Tobiano, Savona, Lac Le Jeune and residents in other areas surrounding Kamloops will not face school acquisition site charges — a tax levied on new homes to help fund construction of new schools — despite students from those areas attending Kamloops schools.
During a joint meeting on Tuesday (March 23) between the School District 73 board of education and city council, councillors and trustees heard from SD73 facilities director Art McDonald following concern from some on council about such areas not pitching in to acquire land for new schools.
New charges on residential development are proposed to be $288 per unit for single-family dwellings, $259 per unit for multi-family dwellings/low density and $201 per unit for multi-family dwellings/high density.
McDonald said the fees — currently under review by the province — would only be based on development in Kamloops because the school district is not seeing growth in surrounding areas.
“We could not make the argument to the ministry [of education] to apply it to those areas,” McDonald said.
Mayor Ken Christian, however, said growth is identified for the southwest sector in Kamloops, noting students from Tobiano, Savona and Lac Le Jeune travel to the city to attend high school. McDonald said that while Tobiano is seeing growth, the school district looks at affected schools and has determined where new property is needed for buildings.
School needs include a secondary school and two elementary schools in Aberdeen and an elementary school in adjacent Pineview Valley.
Coun. Arjun Singh questioned the school district’s ability to be “nimble” when it comes to future planning and needs. Desire for a school downtown has also been discussed. City development director Marvin Kwiatkowski said most people purchasing downtown don’t have school-aged children.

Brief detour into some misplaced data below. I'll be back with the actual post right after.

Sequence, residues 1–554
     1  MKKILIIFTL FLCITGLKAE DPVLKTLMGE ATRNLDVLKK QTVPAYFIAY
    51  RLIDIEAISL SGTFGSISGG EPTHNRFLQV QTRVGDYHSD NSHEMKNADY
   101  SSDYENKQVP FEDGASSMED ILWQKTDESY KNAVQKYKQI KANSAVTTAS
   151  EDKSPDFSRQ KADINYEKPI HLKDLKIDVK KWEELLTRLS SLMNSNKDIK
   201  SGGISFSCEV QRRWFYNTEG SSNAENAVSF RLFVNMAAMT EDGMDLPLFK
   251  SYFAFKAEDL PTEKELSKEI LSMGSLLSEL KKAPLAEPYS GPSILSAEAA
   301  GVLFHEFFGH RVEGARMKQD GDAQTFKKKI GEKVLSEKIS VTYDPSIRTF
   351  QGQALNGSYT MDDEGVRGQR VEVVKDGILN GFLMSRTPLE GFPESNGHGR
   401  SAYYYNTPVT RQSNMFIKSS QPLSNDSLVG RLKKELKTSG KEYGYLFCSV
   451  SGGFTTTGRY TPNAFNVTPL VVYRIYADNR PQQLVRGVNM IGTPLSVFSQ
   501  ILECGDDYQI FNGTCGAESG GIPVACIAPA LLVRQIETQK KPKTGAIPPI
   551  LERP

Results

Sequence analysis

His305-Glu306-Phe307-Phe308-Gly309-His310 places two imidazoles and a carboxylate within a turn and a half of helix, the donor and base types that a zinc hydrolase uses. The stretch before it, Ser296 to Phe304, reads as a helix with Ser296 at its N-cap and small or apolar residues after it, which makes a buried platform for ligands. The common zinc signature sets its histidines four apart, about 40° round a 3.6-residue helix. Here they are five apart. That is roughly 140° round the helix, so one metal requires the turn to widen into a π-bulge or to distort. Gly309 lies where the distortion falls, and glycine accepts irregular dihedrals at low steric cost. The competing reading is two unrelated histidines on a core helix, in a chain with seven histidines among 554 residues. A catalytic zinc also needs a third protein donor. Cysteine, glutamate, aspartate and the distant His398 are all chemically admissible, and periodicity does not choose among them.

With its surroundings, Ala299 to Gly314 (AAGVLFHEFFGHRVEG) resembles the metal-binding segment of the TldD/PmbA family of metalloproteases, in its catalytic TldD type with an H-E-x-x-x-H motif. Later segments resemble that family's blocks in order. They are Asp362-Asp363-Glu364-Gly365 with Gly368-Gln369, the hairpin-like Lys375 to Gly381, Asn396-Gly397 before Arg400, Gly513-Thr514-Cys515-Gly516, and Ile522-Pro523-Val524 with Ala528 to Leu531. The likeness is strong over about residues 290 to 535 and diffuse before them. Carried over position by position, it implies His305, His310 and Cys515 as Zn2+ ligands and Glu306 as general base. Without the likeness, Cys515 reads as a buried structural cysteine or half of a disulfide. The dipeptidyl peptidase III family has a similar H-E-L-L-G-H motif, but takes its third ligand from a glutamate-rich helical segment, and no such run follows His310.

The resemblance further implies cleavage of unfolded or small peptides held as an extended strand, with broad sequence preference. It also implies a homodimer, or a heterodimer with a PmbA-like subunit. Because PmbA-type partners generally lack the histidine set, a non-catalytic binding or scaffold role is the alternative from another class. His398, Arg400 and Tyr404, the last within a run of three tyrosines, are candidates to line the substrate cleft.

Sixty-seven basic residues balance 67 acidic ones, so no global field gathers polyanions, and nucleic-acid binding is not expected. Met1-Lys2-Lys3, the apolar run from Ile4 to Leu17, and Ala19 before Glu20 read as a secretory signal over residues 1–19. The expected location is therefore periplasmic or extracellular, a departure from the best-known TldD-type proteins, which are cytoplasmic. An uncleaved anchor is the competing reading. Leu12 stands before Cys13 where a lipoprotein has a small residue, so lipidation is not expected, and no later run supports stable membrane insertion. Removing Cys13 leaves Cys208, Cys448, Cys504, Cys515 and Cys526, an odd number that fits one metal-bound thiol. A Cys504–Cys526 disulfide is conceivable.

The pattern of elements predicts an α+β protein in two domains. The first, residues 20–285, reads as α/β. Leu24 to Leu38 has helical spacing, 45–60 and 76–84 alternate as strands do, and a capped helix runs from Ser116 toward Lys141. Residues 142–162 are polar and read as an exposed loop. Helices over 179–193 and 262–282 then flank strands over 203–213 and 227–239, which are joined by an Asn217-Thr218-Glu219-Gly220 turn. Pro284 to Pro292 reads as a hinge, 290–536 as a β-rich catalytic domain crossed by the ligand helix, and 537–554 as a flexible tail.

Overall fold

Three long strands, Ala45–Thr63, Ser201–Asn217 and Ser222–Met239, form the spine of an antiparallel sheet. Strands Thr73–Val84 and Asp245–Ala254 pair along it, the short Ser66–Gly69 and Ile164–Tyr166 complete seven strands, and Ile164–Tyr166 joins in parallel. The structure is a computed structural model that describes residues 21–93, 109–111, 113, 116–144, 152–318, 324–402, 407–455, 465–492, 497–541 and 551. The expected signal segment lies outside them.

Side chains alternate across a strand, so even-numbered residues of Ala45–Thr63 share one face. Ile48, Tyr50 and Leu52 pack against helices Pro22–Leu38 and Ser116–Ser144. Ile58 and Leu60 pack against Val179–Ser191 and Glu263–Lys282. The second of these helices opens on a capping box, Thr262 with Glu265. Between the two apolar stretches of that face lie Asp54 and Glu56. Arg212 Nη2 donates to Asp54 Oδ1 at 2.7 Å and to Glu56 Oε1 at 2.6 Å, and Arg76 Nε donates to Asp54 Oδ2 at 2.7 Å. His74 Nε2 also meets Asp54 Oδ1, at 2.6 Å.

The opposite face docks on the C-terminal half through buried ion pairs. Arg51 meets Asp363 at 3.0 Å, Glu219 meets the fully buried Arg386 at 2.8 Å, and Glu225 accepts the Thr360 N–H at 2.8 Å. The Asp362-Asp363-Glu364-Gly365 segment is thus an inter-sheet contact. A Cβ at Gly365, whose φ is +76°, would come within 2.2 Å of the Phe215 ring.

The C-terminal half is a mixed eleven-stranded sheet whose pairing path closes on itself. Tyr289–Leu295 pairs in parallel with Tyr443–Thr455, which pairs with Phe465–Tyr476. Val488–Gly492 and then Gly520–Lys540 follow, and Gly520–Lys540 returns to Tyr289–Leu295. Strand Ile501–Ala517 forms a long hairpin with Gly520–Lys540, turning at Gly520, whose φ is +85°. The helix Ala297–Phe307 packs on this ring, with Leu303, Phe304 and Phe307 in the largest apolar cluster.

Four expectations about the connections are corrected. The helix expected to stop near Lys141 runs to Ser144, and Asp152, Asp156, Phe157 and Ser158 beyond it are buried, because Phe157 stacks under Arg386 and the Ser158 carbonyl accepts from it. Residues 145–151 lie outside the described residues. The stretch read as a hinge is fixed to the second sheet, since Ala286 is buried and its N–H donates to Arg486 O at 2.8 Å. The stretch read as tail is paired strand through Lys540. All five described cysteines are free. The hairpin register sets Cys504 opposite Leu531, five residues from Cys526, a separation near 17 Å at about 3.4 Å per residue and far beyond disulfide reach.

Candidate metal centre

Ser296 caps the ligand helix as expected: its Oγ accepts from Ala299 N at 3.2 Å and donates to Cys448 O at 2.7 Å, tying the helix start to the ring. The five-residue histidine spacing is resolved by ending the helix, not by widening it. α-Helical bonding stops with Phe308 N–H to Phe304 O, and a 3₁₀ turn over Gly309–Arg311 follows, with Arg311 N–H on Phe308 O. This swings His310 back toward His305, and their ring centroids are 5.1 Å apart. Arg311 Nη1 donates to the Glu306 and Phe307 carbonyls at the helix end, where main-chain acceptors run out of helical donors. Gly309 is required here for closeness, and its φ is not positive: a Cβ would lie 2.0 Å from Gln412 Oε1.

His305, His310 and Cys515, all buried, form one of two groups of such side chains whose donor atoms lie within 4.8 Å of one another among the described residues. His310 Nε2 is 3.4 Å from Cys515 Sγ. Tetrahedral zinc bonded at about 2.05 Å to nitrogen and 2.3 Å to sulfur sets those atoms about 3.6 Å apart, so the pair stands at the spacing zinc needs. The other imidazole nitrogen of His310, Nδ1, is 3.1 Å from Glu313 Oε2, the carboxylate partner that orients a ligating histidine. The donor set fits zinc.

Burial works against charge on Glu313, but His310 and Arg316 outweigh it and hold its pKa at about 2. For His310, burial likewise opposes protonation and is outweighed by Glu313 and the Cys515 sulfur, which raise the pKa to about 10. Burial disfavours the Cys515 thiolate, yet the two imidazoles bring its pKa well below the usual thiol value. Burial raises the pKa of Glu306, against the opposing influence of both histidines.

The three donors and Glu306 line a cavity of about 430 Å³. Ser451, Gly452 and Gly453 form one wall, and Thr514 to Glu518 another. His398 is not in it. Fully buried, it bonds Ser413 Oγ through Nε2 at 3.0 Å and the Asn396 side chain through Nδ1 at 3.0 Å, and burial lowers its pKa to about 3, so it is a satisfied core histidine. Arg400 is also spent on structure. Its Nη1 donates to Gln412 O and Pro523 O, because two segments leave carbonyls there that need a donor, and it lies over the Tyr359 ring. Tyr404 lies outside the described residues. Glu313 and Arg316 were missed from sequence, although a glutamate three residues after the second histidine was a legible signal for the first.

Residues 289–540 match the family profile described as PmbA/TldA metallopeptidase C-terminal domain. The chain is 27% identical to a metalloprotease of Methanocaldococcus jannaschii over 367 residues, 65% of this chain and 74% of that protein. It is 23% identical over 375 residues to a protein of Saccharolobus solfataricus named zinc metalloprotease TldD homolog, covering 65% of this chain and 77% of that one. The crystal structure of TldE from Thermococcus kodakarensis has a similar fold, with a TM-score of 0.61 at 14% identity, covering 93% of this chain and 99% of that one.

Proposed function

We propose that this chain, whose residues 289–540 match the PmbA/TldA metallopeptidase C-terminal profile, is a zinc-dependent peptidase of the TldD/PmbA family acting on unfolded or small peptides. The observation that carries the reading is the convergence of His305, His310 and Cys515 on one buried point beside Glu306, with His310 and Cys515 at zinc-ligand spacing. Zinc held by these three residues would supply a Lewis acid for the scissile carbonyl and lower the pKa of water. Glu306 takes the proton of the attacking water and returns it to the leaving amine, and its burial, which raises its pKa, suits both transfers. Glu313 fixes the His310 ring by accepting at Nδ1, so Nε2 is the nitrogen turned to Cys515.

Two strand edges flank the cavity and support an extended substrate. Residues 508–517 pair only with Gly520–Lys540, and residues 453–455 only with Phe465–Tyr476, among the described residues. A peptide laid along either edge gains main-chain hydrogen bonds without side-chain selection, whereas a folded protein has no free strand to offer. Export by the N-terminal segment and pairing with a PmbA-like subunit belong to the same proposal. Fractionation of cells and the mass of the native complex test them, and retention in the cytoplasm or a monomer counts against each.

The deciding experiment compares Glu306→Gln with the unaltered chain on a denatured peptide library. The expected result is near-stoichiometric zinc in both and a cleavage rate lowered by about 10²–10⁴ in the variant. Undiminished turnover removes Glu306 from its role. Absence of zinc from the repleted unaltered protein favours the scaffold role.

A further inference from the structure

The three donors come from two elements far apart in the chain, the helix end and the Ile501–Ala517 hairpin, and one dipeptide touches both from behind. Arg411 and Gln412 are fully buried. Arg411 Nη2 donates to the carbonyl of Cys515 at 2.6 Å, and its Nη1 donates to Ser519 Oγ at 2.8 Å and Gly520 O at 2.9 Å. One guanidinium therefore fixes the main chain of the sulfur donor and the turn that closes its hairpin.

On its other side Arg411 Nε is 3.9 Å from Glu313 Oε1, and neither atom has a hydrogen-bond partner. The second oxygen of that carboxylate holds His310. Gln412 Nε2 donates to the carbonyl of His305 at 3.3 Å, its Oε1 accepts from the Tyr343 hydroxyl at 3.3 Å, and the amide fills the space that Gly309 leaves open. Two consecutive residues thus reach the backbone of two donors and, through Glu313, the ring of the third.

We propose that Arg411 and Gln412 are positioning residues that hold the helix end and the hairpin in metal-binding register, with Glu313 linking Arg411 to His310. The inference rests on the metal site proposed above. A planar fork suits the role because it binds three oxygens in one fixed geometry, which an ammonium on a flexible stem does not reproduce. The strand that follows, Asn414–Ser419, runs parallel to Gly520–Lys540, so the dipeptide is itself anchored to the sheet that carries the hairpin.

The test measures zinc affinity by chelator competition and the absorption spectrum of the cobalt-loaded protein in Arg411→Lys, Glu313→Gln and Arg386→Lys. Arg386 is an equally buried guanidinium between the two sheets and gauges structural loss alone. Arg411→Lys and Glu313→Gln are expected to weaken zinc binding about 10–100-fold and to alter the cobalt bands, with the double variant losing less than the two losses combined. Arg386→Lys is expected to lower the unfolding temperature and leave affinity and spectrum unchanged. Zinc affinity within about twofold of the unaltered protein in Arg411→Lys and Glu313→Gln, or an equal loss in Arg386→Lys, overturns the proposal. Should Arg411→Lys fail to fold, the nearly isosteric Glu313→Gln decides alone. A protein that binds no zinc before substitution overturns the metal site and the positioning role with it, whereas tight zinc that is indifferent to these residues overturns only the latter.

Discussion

The school district and city speak two to three times per month, with communication between the two government bodies touted by school district staff as “the best it’s been.”
School board chair Rhonda Kershaw said the school district appreciates support from council and noted funding for school projects is in the hands of the province.
Board of education vice-chair Meghan Wade said the school district is still playing catchup from what has already been developed in Kamloops. The list of school needs also includes a new elementary school in Batchelor Heights, an elementary school in Juniper West and a kindergarten to Grade 12 school in Sun Peaks. Schools identified for replacement include Dallas elementary (with increased capacity) and South Kamloops secondary.
McDonald said the projects have been on the school district’s capital plans list for a number of years.
The meeting heard of a double-whammy hitting the school district in terms of school needs — the previous Supreme Court of Canada decision on class sizes and a simultaneous need for classroom spaces due to increasing enrolment and growth.
“We are in a position where we are trying to play catchup and we don’t have control of these dollars,” Wade said.